How much more? Harvard’s Martin Feldstein thinks deadweight losses might be $1 for each added dollar of taxes. But let’s be conservative and say it’s only 50 cents on the dollar. So government projects impose deadweight losses of 50% on costs that are likely to balloon at least 50%. 

The bottom line is that when America’s taxpayers hear that politicians want to spend, say, $10 billion on a new scheme, they should assume that they will face an ultimate financial hit of $22.5 billion. And that’s conservative!

Soaring Cost Overruns

Last week, we found out that new combat ships for the Navy will cost taxpayers at least 59% more than promised.

Today, the Washingon Post reports that upgraded Air Force cargo planes will cost taxpayers at least 35% more than originally promised.

Are such cost overruns some sort of unfortunate accident? Or are they a routine scam perpetrated by an iron triangle of federal officials, companies feeding off the government’s teat, and members of Congress with taxpayer-financed activities in their districts? 

Examine the record of overspending in the table here and decide for yourself.

‘Terror Porn’

The Homeland Security budget has become a business-as-usual way for politicians to steer tax dollars to contributors and supporters. But even though the budget is being allocated using traditional pork-barrel methods, the arguments for more homeland security spending are based on exaggerated claims that the money is necessary to thwart terrorism.

Veronique de Rugy, an American Enterprise Institute scholar and Cato adjunct, call these claims ”terror porn.” ABC News’ John Stossel quoted de Rugy as part of a recent report:

[T]he bureaucracy hypes terrorism to justify its pork. “Terror porn” is what economist Veronique de Rugy calls it. Why “porn”? “Because porn sells, [and] terrorism sells even better,” she says. “It’s great for politicians. They can campaign on the fact that they are protecting us. They also can campaign on the fact that they’re bringing more money to their states.”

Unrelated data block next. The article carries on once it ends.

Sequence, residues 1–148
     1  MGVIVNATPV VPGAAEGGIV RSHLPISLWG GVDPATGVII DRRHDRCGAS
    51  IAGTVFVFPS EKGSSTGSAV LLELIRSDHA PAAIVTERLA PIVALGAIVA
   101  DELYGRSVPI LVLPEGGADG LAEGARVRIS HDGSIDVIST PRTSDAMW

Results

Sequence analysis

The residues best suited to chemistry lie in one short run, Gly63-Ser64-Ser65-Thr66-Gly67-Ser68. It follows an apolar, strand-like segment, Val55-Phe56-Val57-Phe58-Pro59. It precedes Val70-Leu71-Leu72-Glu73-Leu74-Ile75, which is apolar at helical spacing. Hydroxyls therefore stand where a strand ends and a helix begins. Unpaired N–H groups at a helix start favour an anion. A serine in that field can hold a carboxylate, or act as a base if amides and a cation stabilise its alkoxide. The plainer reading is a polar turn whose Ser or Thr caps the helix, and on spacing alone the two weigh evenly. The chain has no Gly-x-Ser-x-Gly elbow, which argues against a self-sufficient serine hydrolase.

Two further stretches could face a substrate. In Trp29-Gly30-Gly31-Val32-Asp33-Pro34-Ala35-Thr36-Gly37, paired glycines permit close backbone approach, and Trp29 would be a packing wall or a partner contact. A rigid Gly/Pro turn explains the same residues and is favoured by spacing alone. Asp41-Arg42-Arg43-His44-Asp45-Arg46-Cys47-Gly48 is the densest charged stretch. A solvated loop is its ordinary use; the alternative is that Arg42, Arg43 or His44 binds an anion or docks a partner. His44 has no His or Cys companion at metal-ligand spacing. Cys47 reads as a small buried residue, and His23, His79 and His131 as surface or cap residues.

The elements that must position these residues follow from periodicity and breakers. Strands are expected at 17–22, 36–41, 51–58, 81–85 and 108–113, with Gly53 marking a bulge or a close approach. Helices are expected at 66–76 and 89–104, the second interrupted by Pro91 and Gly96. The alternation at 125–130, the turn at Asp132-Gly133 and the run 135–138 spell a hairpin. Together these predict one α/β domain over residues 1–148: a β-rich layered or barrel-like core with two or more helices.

Lots of small towns do get absurd grants for homeland security. Lake County, Tenn., a rural county with only 8,000 people, got nearly $200,000 in homeland-security money. …”I don’t know that terrorists will come, but I don’t know they won’t come,” Lake County Mayor Macie Roberson told us, smiling.

At least he didn’t do what Columbus, Ohio did: spend it on bulletproof vests for police dogs.

Inordinate fear of terrorism leads to more than just wasteful spending. Stossel also cites a study estimating that 1,000 people have died because they avoided air travel and instead relied on a much riskier mode of travel:

Of course, terrorism is a real threat. But fear kills people, too. A University of Michigan study found that an additional 1,000 Americans died in car accidents in the three months after Sept. 11, because they were afraid to fly. We need to keep risk in perspective.

Paging Dr. Smith…

In the Economix column of today’s New York Times, David Leonhardt commits health policy heresy:

there is no question that the country would be better off if everyone were covered. But the gaps in insurance aren’t the only problem with the medical system. They are not even the biggest problem.

You’ll have to read the column to learn what Leonhardt thinks The Biggest Problem is. But he points out that the market is moving to fix that problem without government direction.

Personally, I’m not sure that a government mandate is necessary to get hospitals to report quality data. (Malpractice insurers, are you listening?) But Leonhardt documents well how the Invisible Hand works even in health care.